App Book Publishing With Baker and PugPig


Baker and PugPig are open source frameworks for creating app publications from HTML documents. This post examines how they work and makes a comparison of their features.

The Future of Mobile Device Publishing?

Book Apps on the iOS App Store

Publishing for mobile is a broad area that can encompass formats such as PDF, the web and eReader (ePUB, .mobi) documents. The web allows for custom design and behaviour, but has no inbuilt mechanism for receiving payment for content. eReader docs can be sold through online marketplaces, but the format is best suited to long-form text works and the viewing software (and to a certain extent, the end user) determines how the publication is displayed.

App books combine the best of both worlds in that you have absolute control over the appearance and behaviour of the publication, coupled with the most secure and direct method of selling and distributing your content that is currently available. The snag is that making an app is much harder than creating a web page or eReader doc.

Baker and PugPig’s solution is to provide native (currently iOS only) frameworks that let you build an app book using HTML, CSS and JavaScript. Each page is a separate .html document that is loaded into a web view. Some clever page caching techniques optimise performance whilst native controls deal with navigation. Linked and embedded content is dealt with in-app, rather than sending you to an external browser. Best of all, both iOS and Android use WebKit as their HTML rendering engine, so you can use all the latest HTML5 and CSS3 techniques without needing to worry about other browsers.

This last point is important, because in order to get an ‘app book’ accepted onto the iOS app store, it must be more than just a static collection of pages. According to Apple’s review guidelines:

“2.12: Apps that are … simply web sites bundled as apps … may be rejected.”

“2.21: … Apps that are simply a book should be submitted to the iBookstore.”

In other words, the app needs to include some sort of additional functionality to justify it being an app as opposed to a web or eReader document. Since the release of iBooks author, including some ‘multimedia’ elements such as video or an image slideshow may not be enough. Social media integration is a safer bet. Server queries, simple games or geolocation features may also be worth considering. All of these can be achieved through HTML5 and related technologies.



Baker was released in November 2010, and is an openly developed project founded by Davide ‘Folletto’ Casali. It is free to use but donations are welcomed. Most examples of publications built using Baker are small, independent titles.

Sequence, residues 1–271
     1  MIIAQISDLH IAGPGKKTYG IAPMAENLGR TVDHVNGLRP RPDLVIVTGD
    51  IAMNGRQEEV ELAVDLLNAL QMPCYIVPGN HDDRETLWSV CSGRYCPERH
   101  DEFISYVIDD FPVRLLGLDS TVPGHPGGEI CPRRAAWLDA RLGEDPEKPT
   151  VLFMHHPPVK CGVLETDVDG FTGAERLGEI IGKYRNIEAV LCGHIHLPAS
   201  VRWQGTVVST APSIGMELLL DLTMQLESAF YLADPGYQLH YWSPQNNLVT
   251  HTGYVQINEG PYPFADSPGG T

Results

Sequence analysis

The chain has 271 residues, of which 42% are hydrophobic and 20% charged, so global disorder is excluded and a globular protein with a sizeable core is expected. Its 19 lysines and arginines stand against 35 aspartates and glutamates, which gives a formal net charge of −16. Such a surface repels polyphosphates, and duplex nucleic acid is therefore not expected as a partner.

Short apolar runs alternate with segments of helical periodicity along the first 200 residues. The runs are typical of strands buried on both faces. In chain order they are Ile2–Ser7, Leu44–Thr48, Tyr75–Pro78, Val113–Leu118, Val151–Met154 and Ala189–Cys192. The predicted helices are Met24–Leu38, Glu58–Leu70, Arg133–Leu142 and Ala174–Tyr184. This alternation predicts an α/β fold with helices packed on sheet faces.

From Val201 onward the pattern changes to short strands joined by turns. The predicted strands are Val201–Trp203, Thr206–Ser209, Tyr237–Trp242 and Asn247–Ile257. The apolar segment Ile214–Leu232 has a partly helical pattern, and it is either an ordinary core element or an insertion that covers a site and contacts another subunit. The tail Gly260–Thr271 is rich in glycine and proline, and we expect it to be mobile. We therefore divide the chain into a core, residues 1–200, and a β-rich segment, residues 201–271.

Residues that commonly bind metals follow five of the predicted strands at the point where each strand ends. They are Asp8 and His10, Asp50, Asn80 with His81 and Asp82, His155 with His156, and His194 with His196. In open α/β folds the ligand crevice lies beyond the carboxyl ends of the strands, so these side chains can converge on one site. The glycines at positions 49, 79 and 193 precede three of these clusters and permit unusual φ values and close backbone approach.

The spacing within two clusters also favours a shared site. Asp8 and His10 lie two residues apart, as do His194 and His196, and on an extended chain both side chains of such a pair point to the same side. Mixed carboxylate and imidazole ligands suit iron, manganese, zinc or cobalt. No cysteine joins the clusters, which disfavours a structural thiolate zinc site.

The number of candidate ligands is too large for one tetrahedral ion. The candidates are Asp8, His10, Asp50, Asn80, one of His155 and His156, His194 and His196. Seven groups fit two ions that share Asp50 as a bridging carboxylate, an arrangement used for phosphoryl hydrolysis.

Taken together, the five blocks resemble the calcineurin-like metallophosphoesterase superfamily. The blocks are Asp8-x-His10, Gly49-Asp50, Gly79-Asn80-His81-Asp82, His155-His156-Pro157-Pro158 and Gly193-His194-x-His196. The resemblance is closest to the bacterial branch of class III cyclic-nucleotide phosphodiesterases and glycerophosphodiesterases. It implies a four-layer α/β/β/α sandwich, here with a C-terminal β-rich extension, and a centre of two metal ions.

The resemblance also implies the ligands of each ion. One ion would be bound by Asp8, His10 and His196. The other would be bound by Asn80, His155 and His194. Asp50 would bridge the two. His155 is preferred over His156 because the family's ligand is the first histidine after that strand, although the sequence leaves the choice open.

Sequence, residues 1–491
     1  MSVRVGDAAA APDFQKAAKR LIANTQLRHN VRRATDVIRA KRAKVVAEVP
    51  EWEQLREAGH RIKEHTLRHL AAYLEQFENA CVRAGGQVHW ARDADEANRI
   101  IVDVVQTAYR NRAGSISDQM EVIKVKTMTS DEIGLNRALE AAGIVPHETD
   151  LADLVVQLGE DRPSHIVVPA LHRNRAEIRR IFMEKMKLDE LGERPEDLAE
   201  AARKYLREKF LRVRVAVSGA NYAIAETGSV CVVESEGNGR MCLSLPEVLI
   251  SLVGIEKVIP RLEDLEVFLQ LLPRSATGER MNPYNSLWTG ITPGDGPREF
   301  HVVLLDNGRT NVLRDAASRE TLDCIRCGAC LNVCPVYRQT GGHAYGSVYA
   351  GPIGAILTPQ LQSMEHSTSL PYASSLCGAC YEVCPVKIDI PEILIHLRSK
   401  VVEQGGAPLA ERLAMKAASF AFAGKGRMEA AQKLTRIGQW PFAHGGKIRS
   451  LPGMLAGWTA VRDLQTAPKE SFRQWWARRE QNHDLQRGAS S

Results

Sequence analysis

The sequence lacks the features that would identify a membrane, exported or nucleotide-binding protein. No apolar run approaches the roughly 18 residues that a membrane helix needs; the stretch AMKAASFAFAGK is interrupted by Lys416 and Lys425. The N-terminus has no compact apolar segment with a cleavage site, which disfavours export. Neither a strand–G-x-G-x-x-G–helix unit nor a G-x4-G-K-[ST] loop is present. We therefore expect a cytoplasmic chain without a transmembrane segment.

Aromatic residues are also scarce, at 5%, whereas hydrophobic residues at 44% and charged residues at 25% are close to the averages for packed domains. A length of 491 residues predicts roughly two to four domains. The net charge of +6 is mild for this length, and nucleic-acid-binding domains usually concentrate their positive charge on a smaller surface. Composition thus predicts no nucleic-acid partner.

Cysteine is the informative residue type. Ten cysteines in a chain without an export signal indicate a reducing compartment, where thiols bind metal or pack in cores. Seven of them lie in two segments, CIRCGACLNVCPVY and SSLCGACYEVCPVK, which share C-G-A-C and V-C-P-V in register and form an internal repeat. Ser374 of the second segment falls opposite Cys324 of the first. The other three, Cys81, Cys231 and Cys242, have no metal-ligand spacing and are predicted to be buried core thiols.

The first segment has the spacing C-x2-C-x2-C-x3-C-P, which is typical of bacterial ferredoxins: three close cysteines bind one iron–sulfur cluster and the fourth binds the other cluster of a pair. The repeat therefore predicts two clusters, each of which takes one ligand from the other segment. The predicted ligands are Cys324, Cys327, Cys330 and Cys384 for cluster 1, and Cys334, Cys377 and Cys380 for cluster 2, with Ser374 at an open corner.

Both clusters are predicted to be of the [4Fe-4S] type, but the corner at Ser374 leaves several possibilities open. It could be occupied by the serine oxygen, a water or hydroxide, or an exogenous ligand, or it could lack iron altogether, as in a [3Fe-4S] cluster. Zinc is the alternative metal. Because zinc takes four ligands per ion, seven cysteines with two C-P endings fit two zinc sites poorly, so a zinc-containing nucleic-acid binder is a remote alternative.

The download gives you a folder containing an Xcode project and associated classes and resources. The HTML pages go in a ‘book’ folder. In addition to the pages, you have to include an ‘index’ file if you want your app to include a index bar navigation (page thumbnails that pop-up on a double-tap) and an HPub manifest file, which is a JSON document that provides details and settings for the publication. The order of pages must be listed manually in the manifest file, and the contents of the index bar, including all the thumbnail images, must be generated/inputted by hand also.



PugPig was released in November 2011, and is a commercial endeavour by Kaldor Ltd, created in response to the needs of their existing clients. The basic version is free, with additional functionality requiring payment. Some recognisable brand titles have been created using PugPig, including The Week, and even a private publication for the UK House of Commons.

The download gives you an installer that adds a project template to Xcode that can be selected when you create a new project. Saving the project generates all the necessary files. The HTML pages go in a ‘Data’ folder, and PugPig will present them in the order they appear in this folder. The index bar thumbnails are also generated automatically, and are scaled appropriately between iPhone/iPod and iPad. There is no manifest file to edit, but some basic settings, such as enabling scrolling for tall pages (not sure why this isn’t a default) can be performed by editing the Objective-C classes.

A Comparison

Baker PugPig (Free Version)
Licence BSD BSD
Platform Support iOS only iOS, Android coming soon
Device Support iPhone/iPod touch, iPad iPhone/iPod touch, iPad
Ease of Setup Intermediate – requires manual editing of HPub manifest file, table of contents and index bar Easy – create your pages and drop them into a folder
Navigation Methods Swipe page (can disable), tap edge of page (can disable), index bar, hyperlinks Swipe page, index bar, hyperlinks
Orientation Detection Yes Yes
Vertical Pagination Support
Yes No (paid version only)
Customisation Options Good – Various settings in manifest file, complete control over index bar Some – requires editing of the Objective-C classes
Page Caching Yes, can disable Yes, can disable
Internal Browser for Links Yes Yes